I don’t think prayer changes God. I think it changes us. I think God is already loving 100% of us deeply, generously and unconditionally. God is already a resource to us — ready to guide, comfort and inspire. I think God doesn’t need prayer as a reminder.
But us? Well, I’ll just speak for myself. I need prayer as a reminder. I know I aspire to love deeply, generously and unconditionally, but I don’t. I know I long to be a consistent source of guidance, comfort and inspiration, uncluttered by my own preoccupations and fears, but I’m not.
When I’m in relationship with God, though, I’m different. I find myself being as I imagine God would be in my exact situation.
I have a real example, right now. My hand shakes as I write this, in the dining room of the Des Moines Airport Days Inn. Fox News is on the TV, and I watch two middle-aged men watching the news. President Trump appears on the screen, talking about asylum seekers as fierce and dangerous, clenching his fists in imitation tough-guy mode, playing refugees for laughs — and getting them.
I was composing the first lines of this post as he spoke. I was imagining and connecting to a generous, loving God, and I heard mockery for the least among us. Tears welled in my eyes, and suddenly I decided to speak to the two men beside me.
“I feel so bad for the asylum seekers,” I said to them.
“Why?!” one retorted.
And I answered, softly, generously, in the way I imagine God would (or Jesus, without a parable). “Ahh,” I said, “I think of the desperation that must drive entire families to leave all they know, to endure a journey of hardship and fear, to enter a country that plainly does not welcome them. Women and children.”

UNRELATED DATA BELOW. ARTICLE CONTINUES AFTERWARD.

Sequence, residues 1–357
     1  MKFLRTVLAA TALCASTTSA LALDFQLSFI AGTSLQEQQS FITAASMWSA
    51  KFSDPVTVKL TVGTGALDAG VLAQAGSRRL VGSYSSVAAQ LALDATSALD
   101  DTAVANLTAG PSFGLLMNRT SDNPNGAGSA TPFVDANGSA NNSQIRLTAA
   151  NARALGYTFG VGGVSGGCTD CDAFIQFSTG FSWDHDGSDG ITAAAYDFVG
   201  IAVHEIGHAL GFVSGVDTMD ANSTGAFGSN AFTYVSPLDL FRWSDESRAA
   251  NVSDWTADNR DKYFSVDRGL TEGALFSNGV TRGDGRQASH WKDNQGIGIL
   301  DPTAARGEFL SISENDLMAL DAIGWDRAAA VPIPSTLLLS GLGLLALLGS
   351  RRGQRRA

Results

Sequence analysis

The man was listening, but focused on my last words: “No, they’re mostly men.”
“Well,” I replied softly, “I think the data says otherwise.”
I added, “But imagine leaving all you own, taking only what you can carry, and fleeing to Japan, where you don’t know if they will welcome you, alien and alone. Why would anyone do that unless they are desperate?”
Then, after a pause — he was still listening — I said, “Our country is braver than this.”
“It is now!” he said, “because of Trump!”
“Our country and our people have always been brave,” I responded softly. “Look at you and me. Our grandparents or great grandparents came to this country even though no one had invited them. Even though people hated them. That was brave.
“And look what they did. They produced you and all you contribute to this country. And they produced me, and all I contribute.”
Silence. Maybe he was thinking. (He still seemed to be listening.)
He shook his head. I stayed soft and became generous in my curiosity: I really wanted to understand whatever fears impel him. “Do you feel threatened by asylum seekers here?”
He paused, shook his head and said firmly, “No. That’s why we need a wall.”
And that was it.
I didn’t keep going. But I wonder whether perhaps something I said might have prompted refection — if not in my neighbor then in the quiet man sitting with him. Maybe he — or they — could glimpse an America animated by generosity and courage, rather than fear. Or maybe not.
In either case, I felt that God was working through me to calm me, to infuse me with generosity and courage, to help me speak with love and grace.
Maybe that is what speaking in tongues actually means: to speak as God would speak, in the situation we find ourselves. Are my words kind, true, loving, just and grace-filled?
For me, that can be the most exotic of tongues, impossible to speak. And yet when I am filled with the Spirit as I was this morning (and still feel as I write this), I express myself differently.
I guess I started this writing today as a form of prayer. And look what happened to me. And maybe to my neighbor. And maybe to his quiet listening friend. And maybe to the woman behind me.
I’ll never know. And it doesn’t matter. I offered something — God-speak? — into our world, the air we breathe, and the life energy that nourishes us. For that moment, I was changed by prayer. And maybe a morsel of the world was changed too.
I imagine God chuckling just a little bit.